Mushrooms in a field. Improved varieties are on the market.

The mushroom business is evolving into a lucrative venture from its erstwhile peripheral and low yielding status. Mr Gerald Kyeyune, an agricultural technologist from Makerere University specialises in producing mushroom seeds for commercialn purposes. He started the project in 1996 but on a small scale.

Back then, he says mushrooms were produced only by scientists from the National Agricultural Research Laboratories Institute in Kawanda. But that did not happen on a regular basis, pushing farmers to visit Makerere University in search for the mushroom seeds.

“Mushroom seed production in Uganda started in Kawanda in 1989 but since the seed quantity produced was inadequate to meet the demand of the farmers, many of them kept coming to Makerere University School of Agricultural Sciences, demanding for these seeds yet no one was producing them,” said Mr Kyeyune.

Being the hands-on person that he is, coupled with his qualification in Agricultural and Industrial Microbiology, he started surfing on the internet to get knowledge on mushroom seed production. He then ventured into producing mush room seeds in 1995.

As it is with most entrepreneurial journeys, he didn’t cover much ground at the start. He began by producing 50 packets in a month, which he sold at Shs300 each. But sometimes he would fail to sell them.

That happened because he laid emphasis on imparting knowledge to agricultural students within the university. In doing this, he failed to advertise the project on the local market.
He says mushroom seeds perish within a period of one month therefore failing to sell them within this period leads to automatic loss.

Going commercial
Seeing that the University administration was slow at buying the idea of including mushroom seed production and cultivation into the university curriculum, Mr Kyeyune had to go commercial by marketing the product throughout the entire country. This he did by exhibiting the seeds in trade shows and participating in training farmers at various field sites in order to produce the seeds for themselves. He also trained them on how to grow mushrooms.

Today, he voluntarily trains University students, equipping them with knowledge about this technology at no cost provided they show interest by purchasing the materials for the training exercise.

“I have now expanded my supply chain because I have been exhibiting at different trade shows and the quality of my seeds is good; free from virus contamination. This has attracted farmers to come and purchase these seeds from my small culture room at the university,” Mr Kyeyune said.

Mr Kyeyune has now graduated from producing 50 small packets of Oyster mushroom species – the most commonly grown by farmers in Uganda to 45,400 packets or more in a year, depending on the purchase orders.

He has started producing button mushroom species which grow mostly under temperate climate conditions and so far he is producing the seeds for farmers in Kenya.
The framers are supplied after placing an order in advance. The seeds are then produced and supplied within a period of one week from the date of placing the order. This helps to avoid decay of the seeds.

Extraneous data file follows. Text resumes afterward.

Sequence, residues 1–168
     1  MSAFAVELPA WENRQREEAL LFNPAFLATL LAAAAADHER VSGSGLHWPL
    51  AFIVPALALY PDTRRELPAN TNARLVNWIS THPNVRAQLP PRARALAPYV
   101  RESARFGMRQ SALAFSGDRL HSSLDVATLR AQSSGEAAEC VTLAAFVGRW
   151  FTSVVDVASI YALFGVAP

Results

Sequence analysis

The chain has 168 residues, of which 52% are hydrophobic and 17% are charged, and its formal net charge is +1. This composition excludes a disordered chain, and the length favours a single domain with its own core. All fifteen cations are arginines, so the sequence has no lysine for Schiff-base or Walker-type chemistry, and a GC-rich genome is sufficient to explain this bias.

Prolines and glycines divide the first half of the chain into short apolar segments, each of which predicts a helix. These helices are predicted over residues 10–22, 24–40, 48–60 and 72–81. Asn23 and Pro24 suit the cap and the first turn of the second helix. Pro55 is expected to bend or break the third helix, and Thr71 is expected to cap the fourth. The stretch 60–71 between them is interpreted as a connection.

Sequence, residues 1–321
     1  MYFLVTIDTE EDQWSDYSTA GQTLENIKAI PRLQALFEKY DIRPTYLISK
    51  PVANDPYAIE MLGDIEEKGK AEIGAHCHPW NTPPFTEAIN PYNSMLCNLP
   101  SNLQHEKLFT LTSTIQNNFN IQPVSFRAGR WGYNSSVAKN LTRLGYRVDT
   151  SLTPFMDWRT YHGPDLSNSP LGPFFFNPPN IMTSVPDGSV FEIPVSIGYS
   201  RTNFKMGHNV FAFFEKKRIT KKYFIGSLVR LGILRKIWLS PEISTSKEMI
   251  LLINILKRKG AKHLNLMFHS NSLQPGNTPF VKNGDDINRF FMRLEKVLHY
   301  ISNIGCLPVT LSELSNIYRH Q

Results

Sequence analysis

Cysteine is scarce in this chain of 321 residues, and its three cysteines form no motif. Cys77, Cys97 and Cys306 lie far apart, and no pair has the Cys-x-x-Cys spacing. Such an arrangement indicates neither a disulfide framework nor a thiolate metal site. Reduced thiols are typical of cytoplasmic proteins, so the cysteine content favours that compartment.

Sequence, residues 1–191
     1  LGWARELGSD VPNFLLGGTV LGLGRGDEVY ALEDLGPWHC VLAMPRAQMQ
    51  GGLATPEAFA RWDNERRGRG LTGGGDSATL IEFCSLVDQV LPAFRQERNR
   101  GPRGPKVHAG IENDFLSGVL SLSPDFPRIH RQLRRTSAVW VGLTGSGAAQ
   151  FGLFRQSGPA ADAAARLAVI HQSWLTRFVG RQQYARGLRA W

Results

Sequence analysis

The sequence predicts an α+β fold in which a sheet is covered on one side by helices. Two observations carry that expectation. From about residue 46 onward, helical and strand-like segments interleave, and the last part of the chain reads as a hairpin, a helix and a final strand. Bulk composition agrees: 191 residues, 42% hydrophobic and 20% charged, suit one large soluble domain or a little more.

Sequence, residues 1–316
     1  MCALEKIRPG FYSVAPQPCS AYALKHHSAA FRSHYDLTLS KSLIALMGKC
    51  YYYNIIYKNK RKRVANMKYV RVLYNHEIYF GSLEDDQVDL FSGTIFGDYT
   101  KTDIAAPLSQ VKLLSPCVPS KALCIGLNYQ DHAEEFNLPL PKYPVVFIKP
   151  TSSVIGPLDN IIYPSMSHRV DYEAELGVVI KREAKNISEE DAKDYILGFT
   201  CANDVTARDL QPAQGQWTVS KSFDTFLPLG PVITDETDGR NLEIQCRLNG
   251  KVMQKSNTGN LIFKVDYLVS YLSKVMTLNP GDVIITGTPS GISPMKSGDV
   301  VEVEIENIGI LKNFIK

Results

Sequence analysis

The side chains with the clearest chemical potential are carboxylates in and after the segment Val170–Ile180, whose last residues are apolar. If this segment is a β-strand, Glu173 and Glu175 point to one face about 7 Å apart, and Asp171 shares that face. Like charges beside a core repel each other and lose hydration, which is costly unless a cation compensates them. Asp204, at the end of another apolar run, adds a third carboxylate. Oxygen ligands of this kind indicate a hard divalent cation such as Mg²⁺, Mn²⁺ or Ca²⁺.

Growing market
Mr Kyeyune is now supplying Oyster mushroom seeds to farmers in the districts of Kampala, Kabale, Fort Portal, Wakiso, Entebbe, Iganga, Buikwe, Masaka, Jinja and Kitgum among others
Most farmers place orders of between 10 to 100 packets of seeds depending on the size of their land.

“Mushroom growing is a viable project especially for those who produce it consistently because this will help a farmer expand the marketing strategy and build consistent customer relations. But inconsistence in growing the plant will interrupt the marketing system,” Mr Kyeyune said.
A kilogramme of fresh Oyster mushroom is sold at Shs5,000 while the dry mushrooms fetch more. The Button type is sold at Shs12, 000 per kilogramme.

Mr Kyeyune is currently supplying Oyster seeds at Shs2,000 per gram and the Button seeds go for Shs30,000 per kilogramme because its production cost is higher. Mr Kyeyune imports mother culture seed production material from Belgium and each tube costs Shs500, 000. In a year he purchases three tubes which is capable of producing 45,400 packets of seeds

Production stage
At the production stage, the technician uses a scalp blade for scooping a small piece of mother culture which is introduced in a plate containing growth components. It is then covered with its lead to allow growth.

Within seven days this mixture grows into a whitish substance. Mr Kyeyune cuts a small piece which he introduces to either a millet or sorghum grain contained in a bottle called grain master. It is here that the seed is formed.

The technician then picks a spoon full of the grain mixture and inoculates it polythene bags for the planting spams to grow and within two weeks the spam will be ready for dispatch to the farmer.

For the farmers they use agricultural waste such as cotton husks, coffee seed husks, rice and soya bean husks among others. They mix the seed with the required water content and tie them in polythene bags kept under cool temperature. They are grown indoors for better yields and they are harvested after 3 to 4 weeks.

By Lominda Afedraru, Daily Monitor

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